Here’s your (Satur)Sunday morning reading on the Gates Foundation and the SDGs, complexity and development and how to shift the debate on taking care of ourselves as aid workers…
The SDGs were reportedly repeatedly ridiculed at a recent Gates Foundation meeting. Alex Evans suggests that this could be due to the Foundation’s focus on apolitical service delivery, which fits well into the MDGs narrow remit. However, the SDGs are necessarily political and complex; if objections come in the form of #1 below rather than #2 this could set the Foundation against the inclusiveness of the process.
“SDG objection # 1 is that you may disagree with their breadth – in other words with the range of issues that are included (for example whether the framework should, unlike the MDGs, include climate change, inequality, or peaceful societies as headline Goals), and wish that they were focused on a smaller set of issues to do with absolute poverty.
SDG objection # 2, on the other hand, agrees with what’s included in the framework, but disagrees with how it’s communicated – either because of the verbosity of a 17 Goal, 169 target framework, or because so many of the targets are manifestly inconsistent with SMART criteria (i.e. being Specific, Measurable, Attainable, Relevant, and Time-bound).”
Do you keep hearing about complexity and development and wonder what it means? Here are a couple of blog posts that may help.
“A whole range of initiatives and approaches are emerging that could be loosely grouped under the umbrella of “complexity” i.e. the idea that development is a complex adaptive process and thus top down long-term planning doesn’t really work – instead we need to be more nimble and iterative in how we respond to circumstances and push the system in the right direction rather than developing a detailed master plan for a perfectly designed future.”
These include: Problem Driven Iterative Adaptation (PDIA), Doing Development Differently (DDD), human centred design, Cynefin approach for knowledge management, UNICEF innovation principles. These can also be traced back the Bill Easterly’s idea of searchers rather than planners. Having a number of approaches like this makes sense from a complexity viewpoint – diverse approaches for diverse situations.
What complexity doesn’t mean: 1) We’re not condemned to to fatalism, 2) We cannot solve problems through better analysis alone, 3) We cannot progress by simply identifying ‘missing ingredients’, 4) we should avoid creating protected incumbents that become obstacles to change, 5) the problem is not ‘lack of capacity’.
So what does it imply? Unsurprisingly, it’s a lot of what the Center for Global Development in Europe already pushes as part of the ‘beyond aid’ agenda; it’s about creating systemic change in transparency, trade, migration, media, tax, innovation and connecting ideas.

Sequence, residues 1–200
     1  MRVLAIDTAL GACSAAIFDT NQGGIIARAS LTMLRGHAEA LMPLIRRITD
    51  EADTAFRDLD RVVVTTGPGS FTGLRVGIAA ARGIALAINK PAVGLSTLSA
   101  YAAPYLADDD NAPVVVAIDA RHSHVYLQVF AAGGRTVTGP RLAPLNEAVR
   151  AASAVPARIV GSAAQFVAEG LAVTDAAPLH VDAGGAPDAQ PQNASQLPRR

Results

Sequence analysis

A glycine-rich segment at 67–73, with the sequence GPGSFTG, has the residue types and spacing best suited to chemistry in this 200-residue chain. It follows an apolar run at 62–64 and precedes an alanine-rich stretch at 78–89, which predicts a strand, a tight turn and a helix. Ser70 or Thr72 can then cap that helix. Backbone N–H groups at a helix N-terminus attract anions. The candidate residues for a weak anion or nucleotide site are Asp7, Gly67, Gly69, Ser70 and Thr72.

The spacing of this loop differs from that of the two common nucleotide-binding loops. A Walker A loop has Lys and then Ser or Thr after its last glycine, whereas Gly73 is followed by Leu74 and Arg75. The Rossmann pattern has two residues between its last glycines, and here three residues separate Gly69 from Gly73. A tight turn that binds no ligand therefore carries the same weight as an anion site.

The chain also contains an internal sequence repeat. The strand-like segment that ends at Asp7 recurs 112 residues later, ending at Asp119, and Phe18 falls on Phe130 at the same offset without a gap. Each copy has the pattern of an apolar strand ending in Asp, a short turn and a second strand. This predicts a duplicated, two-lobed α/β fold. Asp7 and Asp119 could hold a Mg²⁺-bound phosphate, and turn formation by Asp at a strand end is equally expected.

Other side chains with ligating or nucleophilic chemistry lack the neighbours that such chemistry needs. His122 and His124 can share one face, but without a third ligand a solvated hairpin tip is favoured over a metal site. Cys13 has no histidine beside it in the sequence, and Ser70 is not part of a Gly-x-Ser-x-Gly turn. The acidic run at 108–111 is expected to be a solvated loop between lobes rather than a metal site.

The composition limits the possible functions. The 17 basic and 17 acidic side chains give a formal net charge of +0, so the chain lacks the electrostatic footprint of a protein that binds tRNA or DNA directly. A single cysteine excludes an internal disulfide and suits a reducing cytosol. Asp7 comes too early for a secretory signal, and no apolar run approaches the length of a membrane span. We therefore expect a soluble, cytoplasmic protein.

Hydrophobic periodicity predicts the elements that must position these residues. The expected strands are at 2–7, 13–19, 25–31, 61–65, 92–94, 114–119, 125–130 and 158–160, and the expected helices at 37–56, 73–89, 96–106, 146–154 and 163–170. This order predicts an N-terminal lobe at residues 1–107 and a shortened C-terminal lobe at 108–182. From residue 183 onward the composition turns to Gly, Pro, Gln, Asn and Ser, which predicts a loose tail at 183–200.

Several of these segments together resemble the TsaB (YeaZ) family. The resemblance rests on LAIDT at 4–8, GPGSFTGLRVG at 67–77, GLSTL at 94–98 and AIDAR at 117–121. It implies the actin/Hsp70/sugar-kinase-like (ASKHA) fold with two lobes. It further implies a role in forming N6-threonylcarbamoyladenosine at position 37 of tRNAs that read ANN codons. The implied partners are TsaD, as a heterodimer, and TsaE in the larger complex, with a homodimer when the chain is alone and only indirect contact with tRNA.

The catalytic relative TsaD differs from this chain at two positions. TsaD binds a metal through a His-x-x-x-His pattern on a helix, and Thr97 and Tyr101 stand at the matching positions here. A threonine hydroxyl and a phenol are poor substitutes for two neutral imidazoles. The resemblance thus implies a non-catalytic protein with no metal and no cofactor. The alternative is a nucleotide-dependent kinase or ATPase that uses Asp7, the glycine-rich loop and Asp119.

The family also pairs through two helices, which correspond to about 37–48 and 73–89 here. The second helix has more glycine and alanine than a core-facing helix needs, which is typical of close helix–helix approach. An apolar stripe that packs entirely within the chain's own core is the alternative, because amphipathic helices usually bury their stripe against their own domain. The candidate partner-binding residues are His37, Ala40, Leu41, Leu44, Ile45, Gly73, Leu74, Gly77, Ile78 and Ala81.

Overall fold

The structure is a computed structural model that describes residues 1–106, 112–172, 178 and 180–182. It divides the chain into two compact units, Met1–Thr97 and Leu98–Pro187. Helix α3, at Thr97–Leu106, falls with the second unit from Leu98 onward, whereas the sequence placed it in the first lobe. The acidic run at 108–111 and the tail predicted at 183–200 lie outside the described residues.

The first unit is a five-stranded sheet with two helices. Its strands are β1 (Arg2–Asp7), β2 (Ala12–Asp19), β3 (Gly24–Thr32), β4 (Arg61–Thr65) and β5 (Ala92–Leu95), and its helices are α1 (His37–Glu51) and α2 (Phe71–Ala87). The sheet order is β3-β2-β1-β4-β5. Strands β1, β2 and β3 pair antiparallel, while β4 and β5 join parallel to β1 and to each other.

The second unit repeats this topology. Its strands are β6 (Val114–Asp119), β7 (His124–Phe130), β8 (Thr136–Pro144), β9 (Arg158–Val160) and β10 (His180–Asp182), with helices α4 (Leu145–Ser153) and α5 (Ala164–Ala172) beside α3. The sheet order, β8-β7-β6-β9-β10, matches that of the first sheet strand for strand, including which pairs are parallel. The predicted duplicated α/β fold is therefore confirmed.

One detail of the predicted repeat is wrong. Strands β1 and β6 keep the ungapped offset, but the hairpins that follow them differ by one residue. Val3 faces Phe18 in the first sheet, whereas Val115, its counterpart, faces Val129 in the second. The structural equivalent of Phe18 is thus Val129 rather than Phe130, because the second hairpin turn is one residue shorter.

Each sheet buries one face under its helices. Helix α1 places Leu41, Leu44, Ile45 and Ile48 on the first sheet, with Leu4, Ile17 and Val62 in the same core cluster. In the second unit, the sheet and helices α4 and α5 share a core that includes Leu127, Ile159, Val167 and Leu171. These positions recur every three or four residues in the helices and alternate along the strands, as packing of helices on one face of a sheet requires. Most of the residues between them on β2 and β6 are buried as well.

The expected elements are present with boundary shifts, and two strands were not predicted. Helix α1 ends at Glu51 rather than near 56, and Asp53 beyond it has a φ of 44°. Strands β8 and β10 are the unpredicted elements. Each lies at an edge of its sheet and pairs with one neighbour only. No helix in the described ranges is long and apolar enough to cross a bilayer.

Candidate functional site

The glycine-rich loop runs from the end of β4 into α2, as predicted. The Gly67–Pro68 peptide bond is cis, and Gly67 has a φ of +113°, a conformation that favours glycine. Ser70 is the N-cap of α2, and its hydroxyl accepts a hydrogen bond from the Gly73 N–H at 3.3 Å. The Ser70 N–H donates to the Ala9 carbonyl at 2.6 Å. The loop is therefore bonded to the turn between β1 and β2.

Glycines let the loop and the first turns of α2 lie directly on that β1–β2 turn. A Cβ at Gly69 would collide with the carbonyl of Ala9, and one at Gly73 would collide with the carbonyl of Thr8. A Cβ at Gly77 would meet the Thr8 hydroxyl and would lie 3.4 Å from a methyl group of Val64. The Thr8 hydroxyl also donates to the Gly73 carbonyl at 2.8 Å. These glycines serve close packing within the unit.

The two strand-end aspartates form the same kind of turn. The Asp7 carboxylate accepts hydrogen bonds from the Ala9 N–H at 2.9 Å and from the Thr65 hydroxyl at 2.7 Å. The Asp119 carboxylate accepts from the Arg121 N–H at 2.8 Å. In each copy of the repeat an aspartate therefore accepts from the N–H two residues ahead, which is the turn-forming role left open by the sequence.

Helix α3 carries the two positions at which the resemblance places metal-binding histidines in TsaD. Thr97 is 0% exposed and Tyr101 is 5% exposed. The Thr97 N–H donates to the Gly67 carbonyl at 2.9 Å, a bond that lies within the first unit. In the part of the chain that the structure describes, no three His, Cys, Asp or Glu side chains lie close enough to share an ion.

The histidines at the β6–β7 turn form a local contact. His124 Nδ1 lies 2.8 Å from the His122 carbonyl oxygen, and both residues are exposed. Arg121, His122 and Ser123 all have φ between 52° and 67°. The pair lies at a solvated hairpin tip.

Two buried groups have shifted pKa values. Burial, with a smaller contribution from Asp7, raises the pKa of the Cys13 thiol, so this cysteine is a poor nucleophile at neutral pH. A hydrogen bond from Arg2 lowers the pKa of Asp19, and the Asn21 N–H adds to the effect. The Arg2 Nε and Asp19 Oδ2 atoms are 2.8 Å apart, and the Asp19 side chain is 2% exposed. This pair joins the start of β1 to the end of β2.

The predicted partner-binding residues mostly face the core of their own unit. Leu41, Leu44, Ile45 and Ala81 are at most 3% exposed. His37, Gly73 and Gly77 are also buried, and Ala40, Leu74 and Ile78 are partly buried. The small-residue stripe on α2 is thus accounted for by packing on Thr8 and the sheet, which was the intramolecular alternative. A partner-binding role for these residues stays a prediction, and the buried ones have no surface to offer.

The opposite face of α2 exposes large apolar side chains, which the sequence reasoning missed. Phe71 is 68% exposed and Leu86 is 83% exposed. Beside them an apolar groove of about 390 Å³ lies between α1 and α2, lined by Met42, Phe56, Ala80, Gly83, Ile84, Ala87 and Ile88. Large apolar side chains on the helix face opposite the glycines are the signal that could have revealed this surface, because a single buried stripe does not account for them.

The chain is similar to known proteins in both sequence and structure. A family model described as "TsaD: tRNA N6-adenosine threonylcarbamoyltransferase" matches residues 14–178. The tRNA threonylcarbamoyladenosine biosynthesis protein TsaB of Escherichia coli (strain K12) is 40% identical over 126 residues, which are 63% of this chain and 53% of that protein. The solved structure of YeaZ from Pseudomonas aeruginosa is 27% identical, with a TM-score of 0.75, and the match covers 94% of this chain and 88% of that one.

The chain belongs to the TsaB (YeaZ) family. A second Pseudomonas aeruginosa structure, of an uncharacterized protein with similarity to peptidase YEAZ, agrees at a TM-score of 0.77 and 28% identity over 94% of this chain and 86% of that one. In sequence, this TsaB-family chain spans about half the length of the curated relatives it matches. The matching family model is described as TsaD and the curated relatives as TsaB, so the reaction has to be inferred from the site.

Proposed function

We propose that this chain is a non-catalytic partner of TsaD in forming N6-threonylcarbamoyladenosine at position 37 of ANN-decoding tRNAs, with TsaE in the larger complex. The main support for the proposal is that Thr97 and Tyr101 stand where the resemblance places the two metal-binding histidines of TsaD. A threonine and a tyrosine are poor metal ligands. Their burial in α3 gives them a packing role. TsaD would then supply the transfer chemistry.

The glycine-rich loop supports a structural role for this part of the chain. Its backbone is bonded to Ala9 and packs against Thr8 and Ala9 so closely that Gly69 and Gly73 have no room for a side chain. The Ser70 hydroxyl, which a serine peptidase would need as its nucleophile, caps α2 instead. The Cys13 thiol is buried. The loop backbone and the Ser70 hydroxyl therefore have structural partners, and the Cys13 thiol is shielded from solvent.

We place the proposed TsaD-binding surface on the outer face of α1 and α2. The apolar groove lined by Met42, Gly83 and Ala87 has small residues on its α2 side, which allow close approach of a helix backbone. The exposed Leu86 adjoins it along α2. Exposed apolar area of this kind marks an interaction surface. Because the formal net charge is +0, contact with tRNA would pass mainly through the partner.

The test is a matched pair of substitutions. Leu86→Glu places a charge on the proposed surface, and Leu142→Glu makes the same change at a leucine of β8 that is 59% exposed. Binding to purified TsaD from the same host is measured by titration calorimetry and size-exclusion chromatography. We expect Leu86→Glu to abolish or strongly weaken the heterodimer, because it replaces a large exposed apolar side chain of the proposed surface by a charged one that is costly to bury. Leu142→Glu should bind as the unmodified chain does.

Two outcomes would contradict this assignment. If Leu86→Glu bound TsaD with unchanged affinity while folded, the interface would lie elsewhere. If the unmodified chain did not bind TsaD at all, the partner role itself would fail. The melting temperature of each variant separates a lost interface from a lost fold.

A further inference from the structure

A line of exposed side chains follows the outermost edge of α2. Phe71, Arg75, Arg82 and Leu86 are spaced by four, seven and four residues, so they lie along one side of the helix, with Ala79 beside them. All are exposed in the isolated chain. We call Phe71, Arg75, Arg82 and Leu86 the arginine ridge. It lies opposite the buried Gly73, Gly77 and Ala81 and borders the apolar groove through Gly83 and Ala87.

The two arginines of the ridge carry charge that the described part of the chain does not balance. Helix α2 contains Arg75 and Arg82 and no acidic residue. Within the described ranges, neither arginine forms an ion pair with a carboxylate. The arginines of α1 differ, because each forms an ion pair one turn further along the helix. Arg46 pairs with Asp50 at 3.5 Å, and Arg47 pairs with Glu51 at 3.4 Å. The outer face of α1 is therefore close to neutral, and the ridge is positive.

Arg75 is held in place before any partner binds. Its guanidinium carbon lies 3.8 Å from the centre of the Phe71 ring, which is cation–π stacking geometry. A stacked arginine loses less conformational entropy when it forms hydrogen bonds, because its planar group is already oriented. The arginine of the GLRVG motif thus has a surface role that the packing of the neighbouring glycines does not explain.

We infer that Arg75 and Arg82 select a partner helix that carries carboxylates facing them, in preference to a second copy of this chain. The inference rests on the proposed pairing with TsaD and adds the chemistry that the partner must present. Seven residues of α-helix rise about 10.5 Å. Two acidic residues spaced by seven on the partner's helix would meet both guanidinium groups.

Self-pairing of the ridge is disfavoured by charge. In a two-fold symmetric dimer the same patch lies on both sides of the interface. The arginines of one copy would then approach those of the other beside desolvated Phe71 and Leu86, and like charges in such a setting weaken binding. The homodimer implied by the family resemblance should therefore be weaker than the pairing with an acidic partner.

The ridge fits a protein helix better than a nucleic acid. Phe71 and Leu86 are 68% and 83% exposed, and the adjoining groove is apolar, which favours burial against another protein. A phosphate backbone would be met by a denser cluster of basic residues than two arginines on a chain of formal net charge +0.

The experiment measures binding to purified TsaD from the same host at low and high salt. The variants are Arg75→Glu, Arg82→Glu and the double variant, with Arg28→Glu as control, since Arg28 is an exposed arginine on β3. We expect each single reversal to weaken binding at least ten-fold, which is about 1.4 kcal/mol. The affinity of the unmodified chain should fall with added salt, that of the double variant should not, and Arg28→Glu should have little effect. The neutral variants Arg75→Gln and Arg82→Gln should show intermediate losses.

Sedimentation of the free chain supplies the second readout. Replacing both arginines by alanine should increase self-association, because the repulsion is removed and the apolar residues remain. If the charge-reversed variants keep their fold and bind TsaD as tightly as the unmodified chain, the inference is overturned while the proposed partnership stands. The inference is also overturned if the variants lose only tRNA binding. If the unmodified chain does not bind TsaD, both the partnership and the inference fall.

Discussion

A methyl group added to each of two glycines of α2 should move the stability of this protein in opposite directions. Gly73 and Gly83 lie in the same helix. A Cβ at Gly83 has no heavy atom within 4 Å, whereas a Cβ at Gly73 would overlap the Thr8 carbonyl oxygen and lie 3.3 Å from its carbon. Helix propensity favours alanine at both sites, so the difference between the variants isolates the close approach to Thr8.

“Sustainability has been elusive in practice because the aid industry thinks too much about gaps and too little about systems. Interventions that accelerate the evolution of a successful economic and social system can be catalytic; interventions that ignore the complexity of the system and only try to fill the gaps that it leaves or imitate its consequences will work only for as long as the intervention continues.”
“It’s interesting to note the emergence of two strands of discussion in the public space around humanitarian aid and development. One is the issue of chronic and/or traumatic stress and accompanying PTSD among humanitarian workers. […] The other is the issue of fair/ethical payment for NGO staff, most specifically entry-level staff, interns, etc.”
So what is the way forward?
“We need to assertively remove every shred of overhead from how we discuss our work, whether internally or externally. Efficiency matters, for sure. But low overhead and efficient delivery of humanitarian outcomes are not only not the same things, but they’re not even related. We have to take references to “how much of your dollar goes to beneficiaries” out of our marketing, off of our websites, and out of our conversations.”
“We need to assertively remove any doubt about the legitimacy of our own needs as humanitarian aid and development workers. As Alessandra Pigni puts it, this is not a contest to see who can suffer the most. Lots of embedded issues, here: This is a job, like any other, that we do to make a living. We are professional people with specific, identifiable skills which we employ in the course of doing our humanitarian work. Aid work is work, for which we absolutely deserve to be compensated fairly. To suggest otherwise erodes the argument that we deserve anything more than treasure in Heaven in exchange for our service.”